In the US, investors are continuing to move away from cyclical companies, which were the stars of 2017, in favour of Technology and Defensive companies. The median ex-Tech stock is now down 5% from its peak, while Banks were off an average of 10% and homebuilders down by 21% from their highs. US investors have also become more negative on international shares with a sharp drop off in flows into international ETF’s. The investment thematic of synchronised global growth looks to be under threat, with the increase in tariffs likely to reduce global trade flows. This could be particularly harmful for Emerging market economies and is one reason why these stock markets have underperformed. The MSCI Emerging Markets Index fell 4.1% in June and is now down 15.0% from its peak in January.
New Zealand bond markets outperform
Global bond market returns were mixed in June. Developed market government bonds were the best performers as yields moved slightly lower or flat. The worst performing markets were corporate, high yield and emerging market bonds, all of which were impacted by wider credit spreads. Emerging market bonds had a particularly rough month with the Bloomberg Barclays Sovereign Emerging Market Index falling by 1.2% and is now down 3.7% since March.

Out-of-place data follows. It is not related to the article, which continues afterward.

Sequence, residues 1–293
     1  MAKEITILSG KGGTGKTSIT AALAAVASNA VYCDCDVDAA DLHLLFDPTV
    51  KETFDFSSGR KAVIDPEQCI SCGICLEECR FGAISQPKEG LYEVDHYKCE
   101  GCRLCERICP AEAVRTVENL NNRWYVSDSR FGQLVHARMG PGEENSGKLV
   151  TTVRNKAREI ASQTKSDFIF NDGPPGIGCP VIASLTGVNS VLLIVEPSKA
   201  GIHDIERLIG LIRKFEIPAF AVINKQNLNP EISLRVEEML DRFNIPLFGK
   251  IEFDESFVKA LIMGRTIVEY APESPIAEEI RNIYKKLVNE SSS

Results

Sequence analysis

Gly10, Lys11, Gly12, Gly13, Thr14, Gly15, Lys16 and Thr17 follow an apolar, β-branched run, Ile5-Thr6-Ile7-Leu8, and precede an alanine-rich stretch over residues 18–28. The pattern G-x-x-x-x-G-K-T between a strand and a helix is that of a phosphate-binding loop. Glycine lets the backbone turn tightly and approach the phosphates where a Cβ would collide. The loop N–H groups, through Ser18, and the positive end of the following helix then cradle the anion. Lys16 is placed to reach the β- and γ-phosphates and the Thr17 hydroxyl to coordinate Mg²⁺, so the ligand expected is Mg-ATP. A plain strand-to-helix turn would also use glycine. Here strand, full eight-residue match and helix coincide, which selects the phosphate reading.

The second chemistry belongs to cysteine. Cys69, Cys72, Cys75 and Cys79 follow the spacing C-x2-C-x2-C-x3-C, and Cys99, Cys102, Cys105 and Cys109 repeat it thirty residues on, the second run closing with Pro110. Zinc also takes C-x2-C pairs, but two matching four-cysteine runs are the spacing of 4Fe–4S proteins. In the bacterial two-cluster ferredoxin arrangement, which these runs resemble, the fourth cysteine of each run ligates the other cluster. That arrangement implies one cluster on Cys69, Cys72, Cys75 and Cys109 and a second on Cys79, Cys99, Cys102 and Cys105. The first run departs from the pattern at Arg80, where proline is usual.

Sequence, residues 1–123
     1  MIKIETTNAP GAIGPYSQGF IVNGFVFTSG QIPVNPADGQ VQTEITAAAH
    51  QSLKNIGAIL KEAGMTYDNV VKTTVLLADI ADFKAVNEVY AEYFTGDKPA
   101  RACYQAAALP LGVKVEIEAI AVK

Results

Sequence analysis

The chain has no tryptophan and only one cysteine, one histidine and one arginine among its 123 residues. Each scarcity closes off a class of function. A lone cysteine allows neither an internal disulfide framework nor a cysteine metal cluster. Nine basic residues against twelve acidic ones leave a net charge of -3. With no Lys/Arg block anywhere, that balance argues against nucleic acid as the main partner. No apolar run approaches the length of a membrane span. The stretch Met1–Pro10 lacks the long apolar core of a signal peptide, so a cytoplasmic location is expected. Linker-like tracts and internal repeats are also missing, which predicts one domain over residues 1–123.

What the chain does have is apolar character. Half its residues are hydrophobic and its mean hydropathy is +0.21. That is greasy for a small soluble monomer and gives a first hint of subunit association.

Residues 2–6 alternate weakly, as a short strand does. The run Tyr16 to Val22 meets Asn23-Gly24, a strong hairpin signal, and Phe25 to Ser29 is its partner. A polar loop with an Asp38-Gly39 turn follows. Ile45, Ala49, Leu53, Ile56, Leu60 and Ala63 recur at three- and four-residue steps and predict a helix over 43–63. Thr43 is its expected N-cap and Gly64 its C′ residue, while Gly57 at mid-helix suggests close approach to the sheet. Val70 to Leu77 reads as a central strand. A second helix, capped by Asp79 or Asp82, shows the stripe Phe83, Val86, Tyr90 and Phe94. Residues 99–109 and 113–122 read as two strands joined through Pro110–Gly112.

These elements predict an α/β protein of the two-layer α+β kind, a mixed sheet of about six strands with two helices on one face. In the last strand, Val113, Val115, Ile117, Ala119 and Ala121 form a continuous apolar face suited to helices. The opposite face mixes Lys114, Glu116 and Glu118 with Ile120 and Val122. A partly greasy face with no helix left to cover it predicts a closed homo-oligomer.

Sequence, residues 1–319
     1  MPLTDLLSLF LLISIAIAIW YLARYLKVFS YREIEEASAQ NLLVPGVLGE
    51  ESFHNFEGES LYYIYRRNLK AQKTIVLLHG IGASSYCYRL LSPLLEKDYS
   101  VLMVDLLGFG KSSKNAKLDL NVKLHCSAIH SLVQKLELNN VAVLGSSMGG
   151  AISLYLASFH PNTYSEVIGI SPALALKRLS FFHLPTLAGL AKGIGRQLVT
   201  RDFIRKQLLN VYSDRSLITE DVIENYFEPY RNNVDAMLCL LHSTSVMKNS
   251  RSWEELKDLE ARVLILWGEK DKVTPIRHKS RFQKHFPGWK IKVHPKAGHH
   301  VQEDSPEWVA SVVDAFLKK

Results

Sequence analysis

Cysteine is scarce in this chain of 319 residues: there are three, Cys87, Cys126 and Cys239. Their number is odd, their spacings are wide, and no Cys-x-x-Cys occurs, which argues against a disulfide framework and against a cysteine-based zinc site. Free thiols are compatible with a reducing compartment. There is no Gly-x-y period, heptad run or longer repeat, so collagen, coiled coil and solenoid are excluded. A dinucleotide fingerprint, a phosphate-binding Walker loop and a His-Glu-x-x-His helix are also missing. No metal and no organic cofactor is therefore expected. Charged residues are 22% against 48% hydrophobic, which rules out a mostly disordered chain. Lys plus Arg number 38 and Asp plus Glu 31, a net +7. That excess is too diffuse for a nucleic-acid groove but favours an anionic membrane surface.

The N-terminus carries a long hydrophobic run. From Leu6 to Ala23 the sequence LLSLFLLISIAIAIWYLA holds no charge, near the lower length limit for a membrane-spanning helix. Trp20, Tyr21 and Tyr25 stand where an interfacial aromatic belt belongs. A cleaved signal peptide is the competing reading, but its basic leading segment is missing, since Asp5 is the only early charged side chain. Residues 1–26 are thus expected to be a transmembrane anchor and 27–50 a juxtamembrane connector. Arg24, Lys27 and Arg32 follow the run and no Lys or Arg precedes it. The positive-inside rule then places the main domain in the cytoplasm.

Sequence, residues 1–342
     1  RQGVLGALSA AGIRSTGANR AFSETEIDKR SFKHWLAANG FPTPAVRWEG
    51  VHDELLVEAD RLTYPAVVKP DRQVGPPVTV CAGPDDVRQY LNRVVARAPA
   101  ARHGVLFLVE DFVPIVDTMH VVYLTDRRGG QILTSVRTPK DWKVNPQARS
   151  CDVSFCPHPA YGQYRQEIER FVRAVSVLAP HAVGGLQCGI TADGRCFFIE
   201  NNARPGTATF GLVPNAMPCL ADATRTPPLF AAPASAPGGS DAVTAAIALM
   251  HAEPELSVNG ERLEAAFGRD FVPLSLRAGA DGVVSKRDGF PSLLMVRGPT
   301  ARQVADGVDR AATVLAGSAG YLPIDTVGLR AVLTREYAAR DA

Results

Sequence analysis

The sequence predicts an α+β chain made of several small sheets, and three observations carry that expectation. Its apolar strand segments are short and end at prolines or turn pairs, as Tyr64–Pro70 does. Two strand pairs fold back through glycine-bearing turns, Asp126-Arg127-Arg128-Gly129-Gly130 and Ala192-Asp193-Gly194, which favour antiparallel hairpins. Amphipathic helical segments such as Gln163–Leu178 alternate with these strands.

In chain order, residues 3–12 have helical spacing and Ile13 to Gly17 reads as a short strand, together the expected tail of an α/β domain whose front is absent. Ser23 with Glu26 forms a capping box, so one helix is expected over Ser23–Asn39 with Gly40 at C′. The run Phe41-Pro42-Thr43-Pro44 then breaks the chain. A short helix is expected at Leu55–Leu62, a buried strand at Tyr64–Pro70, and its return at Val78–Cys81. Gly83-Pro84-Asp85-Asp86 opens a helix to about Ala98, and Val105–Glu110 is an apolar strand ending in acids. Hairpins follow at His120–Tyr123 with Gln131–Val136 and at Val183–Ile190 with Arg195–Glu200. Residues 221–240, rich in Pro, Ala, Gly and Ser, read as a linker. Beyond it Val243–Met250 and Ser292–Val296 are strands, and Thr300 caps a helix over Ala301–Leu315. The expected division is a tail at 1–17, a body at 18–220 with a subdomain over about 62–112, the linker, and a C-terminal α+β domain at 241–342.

Investors have become more risk averse in response to an increasingly hostile relationship between the US and the rest of the world on trade policy. The downside risks to global economic growth appear to be rising. However, the domestic economy in the US remains strong, which has allowed the Fed to increase interest rates again this month. The median projection from the members of the Federal Open Market Committee is for a rate of 2.375% at the end of 2018, which implies another two hikes still to come.
Both New Zealand and Australian central banks left interest rates unchanged this month, as they have been for some time. However, there were subtle changes to the communication from the RBNZ suggesting they are closer to making a change. Given a weaker outlook for global growth, declining domestic business confidence and no data suggesting an inflation pickup on the horizon, there is some speculation that the next move could be a cut. Most economists still expect the next move to be a hike but not in the next 12 months and some have pushed out their expectations towards the end of 2019. The result is that we have seen short and medium term bond yields fall and the NZD weaken. This has been positive for local bond markets with the S&P/NZX Corporate Bond Index returning 0.4%. The S&P/ NZX Government Bond Index did slightly better with a return of 0.6%, outperforming most global bond markets.